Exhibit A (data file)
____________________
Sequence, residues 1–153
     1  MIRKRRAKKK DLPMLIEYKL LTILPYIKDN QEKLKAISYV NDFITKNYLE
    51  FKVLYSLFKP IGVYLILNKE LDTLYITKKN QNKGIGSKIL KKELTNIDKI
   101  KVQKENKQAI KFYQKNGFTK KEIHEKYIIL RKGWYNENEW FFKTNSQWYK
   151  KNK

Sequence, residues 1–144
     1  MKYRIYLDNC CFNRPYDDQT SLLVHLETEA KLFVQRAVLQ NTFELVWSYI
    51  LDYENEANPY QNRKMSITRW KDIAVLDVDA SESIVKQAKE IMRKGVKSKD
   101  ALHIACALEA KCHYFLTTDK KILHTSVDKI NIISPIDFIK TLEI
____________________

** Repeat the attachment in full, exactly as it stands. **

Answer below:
Sequence, residues 1–153
     1  MIRKRRAKKK DLPMLIEYKL LTILPYIKDN QEKLKAISYV NDFITKNYLE
    51  FKVLYSLFKP IGVYLILNKE LDTLYITKKN QNKGIGSKIL KKELTNIDKI
   101  KVQKENKQAI KFYQKNGFTK KEIHEKYIIL RKGWYNENEW FFKTNSQWYK
   151  KNK

Sequence, residues 1–144
     1  MKYRIYLDNC CFNRPYDDQT SLLVHLETEA KLFVQRAVLQ NTFELVWSYI
    51  LDYENEANPY QNRKMSITRW KDIAVLDVDA SESIVKQAKE IMRKGVKSKD
   101  ALHIACALEA KCHYFLTTDK KILHTSVDKI NIISPIDFIK TLEI